Robert Johnson (c. 1583 c. 1634) was an English
composer and lutenist of the late Tudor and early
Jacobean eras. He is sometimes called "Robert Johnson
II" to distinguish him from an earlier Scottish
composer. Johnson worked with William Shakespeare
providing music for some of his later plays. He was the
son of John Johnson, who was lutenist to Elizabeth I.
In 1594 Robert's father died, and in 1596 he joined the
household of George Carey, 2nd Baron Hunsdon as an
apprentice. Robert is assumed to have been around 13 at
the time, as this was a typical age to begin an
apprenticeship, but his date of birth is not known.
Carey and his wife Elizabeth Spencer, were patrons of
the lutenist and composer John Dowland, who dedicated
various compositions to them. The family's country home
Hunsdon House partially survives.
His compositions for the King's Men theatrical company
have been dated to 1610-1617, a period when the company
was using the Blackfriars Theatre as its winter base.
It has been noted that the facilities at the
Blackfriars Theatre offered increased scope for
incidental music songs and instrumental music
compared to the larger Globe Theatre. However, the
company continued to perform at The Globe, and other
venues such as the court, where Johnson's theatre music
would presumably also have been heard. At this time the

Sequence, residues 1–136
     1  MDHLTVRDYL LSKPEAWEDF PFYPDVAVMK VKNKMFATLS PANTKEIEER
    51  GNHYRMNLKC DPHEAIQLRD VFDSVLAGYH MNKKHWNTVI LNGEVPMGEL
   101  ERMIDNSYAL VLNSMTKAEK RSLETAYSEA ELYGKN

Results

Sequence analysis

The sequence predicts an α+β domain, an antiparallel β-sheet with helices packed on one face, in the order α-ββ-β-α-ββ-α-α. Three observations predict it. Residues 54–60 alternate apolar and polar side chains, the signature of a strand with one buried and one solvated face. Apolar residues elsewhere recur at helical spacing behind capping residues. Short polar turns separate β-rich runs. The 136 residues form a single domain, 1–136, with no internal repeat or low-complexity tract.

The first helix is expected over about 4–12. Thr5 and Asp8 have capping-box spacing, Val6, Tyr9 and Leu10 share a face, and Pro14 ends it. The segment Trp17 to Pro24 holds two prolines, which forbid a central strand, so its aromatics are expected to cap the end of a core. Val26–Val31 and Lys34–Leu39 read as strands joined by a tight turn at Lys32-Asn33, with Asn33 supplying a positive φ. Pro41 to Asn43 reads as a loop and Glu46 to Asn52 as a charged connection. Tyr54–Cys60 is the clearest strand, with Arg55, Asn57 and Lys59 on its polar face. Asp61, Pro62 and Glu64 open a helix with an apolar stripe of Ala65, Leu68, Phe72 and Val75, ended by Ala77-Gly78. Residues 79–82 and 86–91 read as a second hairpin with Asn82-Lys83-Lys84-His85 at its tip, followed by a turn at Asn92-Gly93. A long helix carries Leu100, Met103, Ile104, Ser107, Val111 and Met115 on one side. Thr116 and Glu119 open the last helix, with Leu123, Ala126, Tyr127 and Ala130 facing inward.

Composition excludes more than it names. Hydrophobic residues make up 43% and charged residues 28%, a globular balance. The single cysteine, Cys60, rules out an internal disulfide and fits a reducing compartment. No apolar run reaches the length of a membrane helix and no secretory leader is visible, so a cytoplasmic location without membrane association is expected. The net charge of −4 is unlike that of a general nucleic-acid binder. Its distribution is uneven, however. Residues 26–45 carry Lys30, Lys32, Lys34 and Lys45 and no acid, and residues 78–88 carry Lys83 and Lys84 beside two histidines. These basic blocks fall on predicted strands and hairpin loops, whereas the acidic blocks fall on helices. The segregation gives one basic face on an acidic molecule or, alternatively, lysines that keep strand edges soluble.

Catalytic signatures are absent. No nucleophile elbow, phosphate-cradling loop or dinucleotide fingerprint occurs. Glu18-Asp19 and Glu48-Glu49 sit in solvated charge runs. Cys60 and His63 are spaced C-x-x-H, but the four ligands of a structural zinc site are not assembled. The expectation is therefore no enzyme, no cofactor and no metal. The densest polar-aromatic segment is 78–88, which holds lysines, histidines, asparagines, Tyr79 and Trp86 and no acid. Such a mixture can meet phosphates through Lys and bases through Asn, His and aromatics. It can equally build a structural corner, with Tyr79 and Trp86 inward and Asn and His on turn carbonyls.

King's Men were producing plays by Shakespeare and
other playwrights such as Ben Jonson, Francis Beaumont
and John Fletcher. Johnson's main claim to fame is that
he composed the original settings for some of
Shakespeare's lyrics, the best-known being probably
those from The Tempest: "Where the Bee Sucks" and "Full
Fathom Five." He is the only composer known to have
composed the original settings of Shakespeare's lyrics.
While other contemporary settings of Shakespeare's
lyrics exist, for example those by Thomas Morley, they
have not been proved to be connected to a stage
In Nomine is a title given to a large number of pieces
of English polyphonic, predominantly instrumental
music, first composed during the 16th century.
This "most conspicuous single form in the early
development of English consort music" (Edwards 2001)
originated in the early 16th century from a six-voice
mass composed before 1530 by John Taverner on the
plainchant Gloria Tibi Trinitas. In the Benedictus
section of this mass, the Latin phrase "in nomine
Domini" was sung in a reduced, four-part counterpoint,
with the plainchant melody in the mean (alto part). At
an early point, this attractive passage became popular
as a short instrumental piece, though there is no
evidence that Taverner himself was responsible for any
of these arrangements (Bowers, Doe, and Benham 2001).
Over the next 150 years, English composers worked this
melody into "In Nomine" pieces of ever greater
Although originally written for Viol Quartet, I created
this arrangement for Bassoon Trio.